8 Alternatives to Cut Roses This Valentine’s Day

Red rose with a green No symbol

8 Alternatives to Roses for Valentine’s Day

One of my big pet peeves is the tradition of beautiful red roses for Valentine’s Day. I’ve written about this many times before but the issue doesn’t go away.

When I was in high school I had a good job working for a florist. I enjoyed working with flowers, cleaning them, putting them in water and learning to arrange them. For Valentine’s Day we always received tons and tons of long stem red roses. My best friend Sharon and I spent days cleaning the thorns off the roses which were always significantly more expensive for the two weeks before Valentine’s Day than any other time of the year.

Now I know that these roses were grown in South America where they don’t have any controls on pesticides. From there the roses are put in refrigerated airplanes and flown all around the United States. Just think about the amount of carbon pollution put out by the refrigeration on the planes and the planes themselves. Just so someone can buy them and give them on Valentine’s Day. Roses look pretty for about three or four days, maybe a week if they’ve been treated with a lot of preservatives. Then they die and get thrown away, usually into garbage cans to be sent to landfills.

If some well meaning person gives you flowers, please try to compost them. 
 
If you know you’re likely to get flowers please consider asking them to give you something else this year? Here are some suggestions to help with that:

1. Locally grown, pesticide free, cut flowers

Bouquet of unusual cut flowers.

Eco-friendly cut flowers from Whole Foods

 If cut flowers are very important to you or to the person giving you a gift, look for locally grown flowers. In the Northeast there are greenhouses that grow local flowers for the winter. Look for flowers that aren’t shipped in huge refrigerated airplanes and look for flowers that are not covered in pesticides.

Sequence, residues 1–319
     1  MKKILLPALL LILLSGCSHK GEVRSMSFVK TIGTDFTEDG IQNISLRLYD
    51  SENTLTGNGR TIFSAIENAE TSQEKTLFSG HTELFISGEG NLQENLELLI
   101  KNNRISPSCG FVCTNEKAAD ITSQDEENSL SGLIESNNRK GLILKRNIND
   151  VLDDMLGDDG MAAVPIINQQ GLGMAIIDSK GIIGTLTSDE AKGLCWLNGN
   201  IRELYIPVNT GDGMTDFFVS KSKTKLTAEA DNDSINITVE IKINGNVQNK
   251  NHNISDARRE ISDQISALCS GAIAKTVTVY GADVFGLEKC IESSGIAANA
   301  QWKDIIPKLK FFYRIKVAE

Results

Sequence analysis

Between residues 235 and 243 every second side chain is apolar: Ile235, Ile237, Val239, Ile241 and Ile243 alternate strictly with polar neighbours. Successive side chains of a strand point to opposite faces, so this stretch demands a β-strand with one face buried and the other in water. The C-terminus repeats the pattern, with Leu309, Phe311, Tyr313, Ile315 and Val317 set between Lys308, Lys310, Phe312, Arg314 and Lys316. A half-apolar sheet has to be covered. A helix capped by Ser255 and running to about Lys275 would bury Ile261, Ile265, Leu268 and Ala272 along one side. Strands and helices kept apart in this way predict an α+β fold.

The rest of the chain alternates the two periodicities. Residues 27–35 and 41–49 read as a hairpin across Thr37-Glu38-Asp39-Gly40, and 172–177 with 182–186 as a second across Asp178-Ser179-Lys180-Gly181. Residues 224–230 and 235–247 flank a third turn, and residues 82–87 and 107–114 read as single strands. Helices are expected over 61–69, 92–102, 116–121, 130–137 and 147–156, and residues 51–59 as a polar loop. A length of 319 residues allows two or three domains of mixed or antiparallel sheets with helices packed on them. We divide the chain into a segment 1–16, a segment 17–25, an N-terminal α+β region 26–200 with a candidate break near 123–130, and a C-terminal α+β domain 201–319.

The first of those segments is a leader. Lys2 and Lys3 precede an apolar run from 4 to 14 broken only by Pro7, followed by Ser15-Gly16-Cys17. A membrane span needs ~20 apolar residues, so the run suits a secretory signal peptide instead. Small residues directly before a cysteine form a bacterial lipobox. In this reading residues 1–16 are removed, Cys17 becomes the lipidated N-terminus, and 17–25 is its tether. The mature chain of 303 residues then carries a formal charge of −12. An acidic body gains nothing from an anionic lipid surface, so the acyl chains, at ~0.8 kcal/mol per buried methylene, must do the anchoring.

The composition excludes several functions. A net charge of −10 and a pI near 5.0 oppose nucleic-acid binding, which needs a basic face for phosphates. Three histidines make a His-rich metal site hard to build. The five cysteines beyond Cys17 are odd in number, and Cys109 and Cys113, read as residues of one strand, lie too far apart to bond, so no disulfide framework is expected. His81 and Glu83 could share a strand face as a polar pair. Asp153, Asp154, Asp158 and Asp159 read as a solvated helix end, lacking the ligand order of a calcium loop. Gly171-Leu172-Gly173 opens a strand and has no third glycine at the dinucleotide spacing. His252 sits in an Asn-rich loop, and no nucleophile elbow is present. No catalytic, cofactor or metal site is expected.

2. A plant

Consider a plant this year. A plant will give you something to remind you of your true love all year round. How about a plant that can be planted in your yard in the spring? My mother has a plant that she has been moving in and out of her house with the seasons since before I was born. What a wonderful way to commemorate true love!

3. Fancy chocolate 

Personally I prefer to get chocolate for Valentine’s Day. This is a great excuse to pick up a little something that’s typically outside of our budget. A dozen long stem roses might cost $40 or $50 or even more.  Think about how awesome $40 or $50 of expensive, fair trade truffles would be. 

4. Going out for dinner 

I’m a big fan of experiences and who doesn’t enjoy the experience of going out for a nice dinner? If going out for dinner is part of your Valentine’s Day celebration already, perhaps spend a little more on dinner this year. Of course if you have children, going out can quickly become expensive proposition whether you take them with you or hire a babysitter. 

5. Have a nice meal at home. 

To save on the cost of hiring a sitter, sometimes we like to order takeout. That way we get to enjoy the food and the company without the stress of being in a restaurant with children. 
 
Breakfast in Bed

Breakfast in Bed

6. Breakfast in bed 

My husband is more of a morning person than I am so sometimes he likes to bring me breakfast in bed as a special treat. This is something that our kids can help with too.  They like to feel a part of the holiday and this is a great way to include them. 

7. Jewelry

Jewelry is a popular gift for Valentine’s Day. How about some solar panel jewelry this year. It’s definitely unique, unusual and beautiful!

8. Pamper Mom

And perhaps my favorite Valentine’s Day gift: pamper mom for the day. 
 
How do you like to celebrate Valentine’s Day? Are flowers an important part of your celebration? What can you do to make this Valentine’s Day more thoughtful? Will you please share these alternatives to flowers with people you know?
 
Happy Greening,
Alicia
 
 
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